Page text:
Few writers met the news of Oscar DeLaHoya intention to continue fighting with the type of disappointment expressed by Bill Dwyre at the LA Times. Is every other writer too entrenched in the hushed, unspoken agreement to keep boxing relevant, to comment objectively? Is Bill the sole voice of reason? Recycling the last remaining superstars of the 1990’s is a tired but reliable format after all.
Perhaps we’re all guilty of overlooking the risk DeLaHoya is taking – hypnotised by his eloquence and undiminished good looks? More likely, Dwyre is exaggerating the symmetry between DeLaHoya and the likes of Mike Quarry, Ali and Evander Holyfield, to whom he refers. Thought provoking either way.
Nobody of sane mind, could propose boxing is a sport without risk, nor could anyone suggest that the ageing process and the associated loss of reflex doesn’t make older fighters more vulnerable to heavy shots. Using the exemplar of Mike Quarry, a courageous fighter reduced to a child like state for two decades by the punishment he received in the ring, is bound to emote but is it truly representative of the effects of fighting on too long?
Surely, it is in that comparison that the greatest flaw in Dwyre’s logic emerges, a comparison of the two beyond their longevity and profession generates few similarities. Oscar may have combative Mexican blood running through his veins, and he’s been a fearless fighter in the ring too, but his renown offered him latitude in the selection of opponents that has protected him from the full wrath of several heavy punching contemporaries. Plus the fact, he’s a damn fine fighter too.
Dementia of any type is a cruel and relentless condition for anybody, stripping the dignity and personality of everyone it encounters. But somehow the effect on a professional fighter, fearless and physically capable, seems even more acute. Dwyre is right to highlight the increased risk fighters who continue to punch for pay into their middle age take. Boxing is arguably supporting more fighters as elite contenders than ever before, the Light-Heavyweight division alone is led by Clinton Woods, Roy Jones Jnr, Bernard Hopkins, Antonio Tarver and Glen Johnson. In no preceding generation would so many veterans still be heading the pack. Is boxing failure to unearth new, exciting, dynamic fighters to oust these relics placing them and boxing’s future at risk? A catalogue of profile fighters with demonstrable pugilistic dementia would surely be close to a death knell for the sport.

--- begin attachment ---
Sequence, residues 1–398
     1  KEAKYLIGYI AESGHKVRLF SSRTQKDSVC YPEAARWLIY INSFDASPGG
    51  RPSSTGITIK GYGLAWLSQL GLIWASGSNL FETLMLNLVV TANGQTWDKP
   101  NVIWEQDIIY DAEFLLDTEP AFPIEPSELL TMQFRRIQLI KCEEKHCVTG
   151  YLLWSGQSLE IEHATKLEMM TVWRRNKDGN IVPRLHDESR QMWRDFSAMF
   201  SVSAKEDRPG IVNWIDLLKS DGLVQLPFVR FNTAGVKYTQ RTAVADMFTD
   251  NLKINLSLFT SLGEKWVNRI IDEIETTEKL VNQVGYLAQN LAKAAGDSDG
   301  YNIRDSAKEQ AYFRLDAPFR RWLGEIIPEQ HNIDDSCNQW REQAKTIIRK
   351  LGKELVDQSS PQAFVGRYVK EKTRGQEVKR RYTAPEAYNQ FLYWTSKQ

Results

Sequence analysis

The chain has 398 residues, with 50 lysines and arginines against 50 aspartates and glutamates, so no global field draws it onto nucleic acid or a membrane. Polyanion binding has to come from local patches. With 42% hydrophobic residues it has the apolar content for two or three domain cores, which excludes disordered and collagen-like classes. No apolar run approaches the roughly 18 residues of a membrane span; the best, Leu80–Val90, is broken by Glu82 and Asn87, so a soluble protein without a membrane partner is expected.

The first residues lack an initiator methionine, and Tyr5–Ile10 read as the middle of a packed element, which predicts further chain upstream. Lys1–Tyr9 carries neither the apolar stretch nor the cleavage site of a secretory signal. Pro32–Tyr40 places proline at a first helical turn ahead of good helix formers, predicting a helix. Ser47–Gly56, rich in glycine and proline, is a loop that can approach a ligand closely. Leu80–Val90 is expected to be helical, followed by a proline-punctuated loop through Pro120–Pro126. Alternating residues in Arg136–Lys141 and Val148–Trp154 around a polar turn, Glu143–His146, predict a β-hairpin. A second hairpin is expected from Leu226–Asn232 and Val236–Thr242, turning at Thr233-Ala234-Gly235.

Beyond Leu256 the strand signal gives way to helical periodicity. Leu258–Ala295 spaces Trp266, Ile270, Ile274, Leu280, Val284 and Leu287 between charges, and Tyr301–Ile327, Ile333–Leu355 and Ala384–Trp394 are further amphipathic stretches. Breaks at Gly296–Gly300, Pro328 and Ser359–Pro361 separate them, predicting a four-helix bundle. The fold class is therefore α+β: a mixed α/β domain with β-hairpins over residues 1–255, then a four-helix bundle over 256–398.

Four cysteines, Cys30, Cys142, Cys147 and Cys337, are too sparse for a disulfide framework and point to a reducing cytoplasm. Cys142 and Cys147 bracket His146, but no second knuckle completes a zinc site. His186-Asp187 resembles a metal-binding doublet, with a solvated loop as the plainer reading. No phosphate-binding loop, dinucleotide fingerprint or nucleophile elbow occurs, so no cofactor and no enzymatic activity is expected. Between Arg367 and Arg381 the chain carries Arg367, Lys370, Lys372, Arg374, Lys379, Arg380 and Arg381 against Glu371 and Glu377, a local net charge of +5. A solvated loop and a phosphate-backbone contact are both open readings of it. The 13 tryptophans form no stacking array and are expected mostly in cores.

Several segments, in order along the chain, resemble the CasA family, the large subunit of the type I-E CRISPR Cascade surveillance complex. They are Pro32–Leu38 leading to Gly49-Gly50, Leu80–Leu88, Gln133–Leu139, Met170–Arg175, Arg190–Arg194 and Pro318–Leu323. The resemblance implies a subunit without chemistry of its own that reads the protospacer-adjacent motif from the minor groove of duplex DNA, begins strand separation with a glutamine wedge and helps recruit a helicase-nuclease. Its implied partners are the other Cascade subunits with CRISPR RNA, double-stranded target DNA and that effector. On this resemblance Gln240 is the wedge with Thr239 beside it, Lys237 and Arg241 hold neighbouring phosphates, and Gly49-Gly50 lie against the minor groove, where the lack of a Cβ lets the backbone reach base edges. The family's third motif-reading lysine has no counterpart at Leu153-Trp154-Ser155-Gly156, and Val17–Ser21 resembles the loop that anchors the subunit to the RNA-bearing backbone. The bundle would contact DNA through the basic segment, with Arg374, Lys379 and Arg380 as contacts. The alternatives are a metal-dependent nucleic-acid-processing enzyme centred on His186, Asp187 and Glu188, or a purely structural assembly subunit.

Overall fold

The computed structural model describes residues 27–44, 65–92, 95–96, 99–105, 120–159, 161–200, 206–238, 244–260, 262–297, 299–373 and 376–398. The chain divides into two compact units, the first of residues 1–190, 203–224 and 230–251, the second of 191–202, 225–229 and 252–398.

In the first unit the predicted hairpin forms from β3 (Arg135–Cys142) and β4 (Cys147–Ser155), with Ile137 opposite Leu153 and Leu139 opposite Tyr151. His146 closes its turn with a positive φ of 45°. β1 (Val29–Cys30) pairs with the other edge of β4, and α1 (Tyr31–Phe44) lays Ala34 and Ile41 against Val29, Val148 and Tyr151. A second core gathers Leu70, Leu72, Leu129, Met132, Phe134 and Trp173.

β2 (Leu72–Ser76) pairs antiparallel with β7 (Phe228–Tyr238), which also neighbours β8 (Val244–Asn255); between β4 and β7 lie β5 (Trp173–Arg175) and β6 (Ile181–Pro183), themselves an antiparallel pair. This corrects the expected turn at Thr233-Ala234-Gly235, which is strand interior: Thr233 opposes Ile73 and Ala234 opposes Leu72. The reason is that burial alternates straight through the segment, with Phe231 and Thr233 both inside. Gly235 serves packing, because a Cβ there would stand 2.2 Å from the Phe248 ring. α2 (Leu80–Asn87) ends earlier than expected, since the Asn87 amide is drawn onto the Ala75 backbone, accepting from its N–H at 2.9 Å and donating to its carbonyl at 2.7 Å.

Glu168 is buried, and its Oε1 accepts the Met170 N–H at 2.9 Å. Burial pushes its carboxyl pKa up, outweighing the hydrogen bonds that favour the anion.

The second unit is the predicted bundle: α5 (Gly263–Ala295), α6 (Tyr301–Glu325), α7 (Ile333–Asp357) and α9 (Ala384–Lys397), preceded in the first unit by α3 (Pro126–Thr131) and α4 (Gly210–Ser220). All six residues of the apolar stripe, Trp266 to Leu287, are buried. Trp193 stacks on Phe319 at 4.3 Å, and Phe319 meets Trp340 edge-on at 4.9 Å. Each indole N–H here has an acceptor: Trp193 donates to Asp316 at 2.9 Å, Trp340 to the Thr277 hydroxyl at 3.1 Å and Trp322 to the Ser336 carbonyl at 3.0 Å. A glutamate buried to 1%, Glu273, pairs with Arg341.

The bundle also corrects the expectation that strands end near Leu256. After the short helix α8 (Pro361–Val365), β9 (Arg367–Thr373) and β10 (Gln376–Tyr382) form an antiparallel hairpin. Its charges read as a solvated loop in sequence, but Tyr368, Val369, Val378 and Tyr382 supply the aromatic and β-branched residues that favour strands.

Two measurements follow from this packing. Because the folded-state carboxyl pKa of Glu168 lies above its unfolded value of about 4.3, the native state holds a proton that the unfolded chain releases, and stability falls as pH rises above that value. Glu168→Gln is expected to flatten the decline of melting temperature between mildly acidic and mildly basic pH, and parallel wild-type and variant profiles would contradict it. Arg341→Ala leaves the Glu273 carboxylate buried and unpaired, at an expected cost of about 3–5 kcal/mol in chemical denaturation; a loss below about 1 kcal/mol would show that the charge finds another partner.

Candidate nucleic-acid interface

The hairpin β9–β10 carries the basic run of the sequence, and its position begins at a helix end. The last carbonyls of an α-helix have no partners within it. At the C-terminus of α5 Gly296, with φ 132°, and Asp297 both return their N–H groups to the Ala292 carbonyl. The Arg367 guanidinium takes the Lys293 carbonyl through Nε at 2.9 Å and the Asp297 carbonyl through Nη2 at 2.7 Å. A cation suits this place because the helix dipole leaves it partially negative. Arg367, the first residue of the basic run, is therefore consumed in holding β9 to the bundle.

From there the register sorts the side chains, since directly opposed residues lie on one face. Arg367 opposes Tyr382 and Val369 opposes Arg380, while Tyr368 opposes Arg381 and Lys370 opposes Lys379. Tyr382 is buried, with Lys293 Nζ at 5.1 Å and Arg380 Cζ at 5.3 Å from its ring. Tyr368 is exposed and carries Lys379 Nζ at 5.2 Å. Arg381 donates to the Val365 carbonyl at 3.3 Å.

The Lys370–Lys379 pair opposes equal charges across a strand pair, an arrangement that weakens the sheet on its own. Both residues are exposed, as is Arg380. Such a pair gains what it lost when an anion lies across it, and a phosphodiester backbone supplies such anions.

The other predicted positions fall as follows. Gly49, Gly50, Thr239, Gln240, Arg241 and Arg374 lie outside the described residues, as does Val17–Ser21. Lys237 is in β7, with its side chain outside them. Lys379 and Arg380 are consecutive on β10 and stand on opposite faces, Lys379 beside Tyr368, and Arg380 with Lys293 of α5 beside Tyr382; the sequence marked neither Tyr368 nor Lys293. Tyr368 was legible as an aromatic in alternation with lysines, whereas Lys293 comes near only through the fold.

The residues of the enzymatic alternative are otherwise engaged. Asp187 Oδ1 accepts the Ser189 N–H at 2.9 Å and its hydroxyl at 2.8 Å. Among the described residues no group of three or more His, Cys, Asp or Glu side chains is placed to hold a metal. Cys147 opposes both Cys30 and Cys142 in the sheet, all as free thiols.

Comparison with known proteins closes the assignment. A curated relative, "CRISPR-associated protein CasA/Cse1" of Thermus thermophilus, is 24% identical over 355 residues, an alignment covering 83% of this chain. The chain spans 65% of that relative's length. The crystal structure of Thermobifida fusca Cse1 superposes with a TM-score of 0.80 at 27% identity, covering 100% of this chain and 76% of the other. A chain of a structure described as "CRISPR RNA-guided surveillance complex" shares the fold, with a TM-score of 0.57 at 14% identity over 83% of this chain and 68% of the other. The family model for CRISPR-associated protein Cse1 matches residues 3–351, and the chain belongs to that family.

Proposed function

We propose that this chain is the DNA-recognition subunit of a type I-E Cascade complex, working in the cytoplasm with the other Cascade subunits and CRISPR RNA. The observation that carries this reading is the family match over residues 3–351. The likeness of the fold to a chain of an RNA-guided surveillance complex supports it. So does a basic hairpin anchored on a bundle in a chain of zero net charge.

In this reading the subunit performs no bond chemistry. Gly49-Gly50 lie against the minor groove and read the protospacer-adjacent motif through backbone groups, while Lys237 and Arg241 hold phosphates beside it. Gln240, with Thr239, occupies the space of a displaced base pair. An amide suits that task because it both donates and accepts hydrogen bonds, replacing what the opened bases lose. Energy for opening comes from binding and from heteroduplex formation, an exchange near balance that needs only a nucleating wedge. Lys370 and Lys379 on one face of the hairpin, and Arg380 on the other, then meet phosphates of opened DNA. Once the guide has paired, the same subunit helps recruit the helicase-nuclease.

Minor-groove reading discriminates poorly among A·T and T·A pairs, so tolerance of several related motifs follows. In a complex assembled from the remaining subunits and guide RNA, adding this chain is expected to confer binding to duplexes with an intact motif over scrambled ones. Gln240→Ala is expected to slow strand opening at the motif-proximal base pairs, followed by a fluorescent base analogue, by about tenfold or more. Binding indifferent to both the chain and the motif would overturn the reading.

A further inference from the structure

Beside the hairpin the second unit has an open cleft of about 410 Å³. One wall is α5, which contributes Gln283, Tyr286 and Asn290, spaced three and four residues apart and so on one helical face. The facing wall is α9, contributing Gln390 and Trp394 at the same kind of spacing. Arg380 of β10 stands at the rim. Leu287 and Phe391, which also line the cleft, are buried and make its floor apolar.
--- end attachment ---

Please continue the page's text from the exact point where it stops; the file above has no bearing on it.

The networks are too eager to sustain these veterans, apparently reluctant to wholeheartedly support their potential successors, building their profile and following. Due in part by an over-reliance on pay-per-view revenue to generate the purses fighters seem able to demand. How do you sell PPV with fighters unknown to the public? Instead, they prefer to showcase the well-known fighters of the preceding era. Hence Vargas v Mayorga, Jones v Trinidad, Wright v Hopkins rather than Taylor v Calzaghe or Dawson v any of the old guard. Perhaps this reflects, and further perpetuates the ageing demographic of the average boxing fan? Certainly, something is holding the next generation of stars back; is it simply the networks giving the ageing fan base live action boxing memorabilia?
Frustrating is the ease with which new fighters can be built into marketable commodities as demonstrated by the Contender concept, a series that plucked a collection of nearly men from the shadows, turned on a camera and made millionaires of half a dozen of them. Mora, Manfredo and Gomez, not a superstar talent in sight, all earned high-profile bouts on the basis of their appearance on the show first, their ability second. Is it so hard to find and have faith in new contenders?
At the National Association of Black Journalist convention recently a forum discussed the health and future of boxing, variously contributed to by Floyd Mayweather, Bob Arum, Don King and Tim Smith. One commentary suggested this lack of investment in publicising and exposing future fighters to a television audience reached as far back as the Olympics. A traditional breeding ground and showcase for the next generation of household names, the event is no longer even covered by the major networks.
In other words, boxing keeps the oldies in the chain gang long beyond their primes because there is insufficient talent joining at the other end and yet does little to unearth, attract or support new, aspiring fighters. Where does it end? For Bill Dwyre, he suggests it ends with several leading fighters suffering in the way Ali and Quarry already do.
Boxing never was any good at learning from its mistakes.
To read Dwyre’s excellent piece click here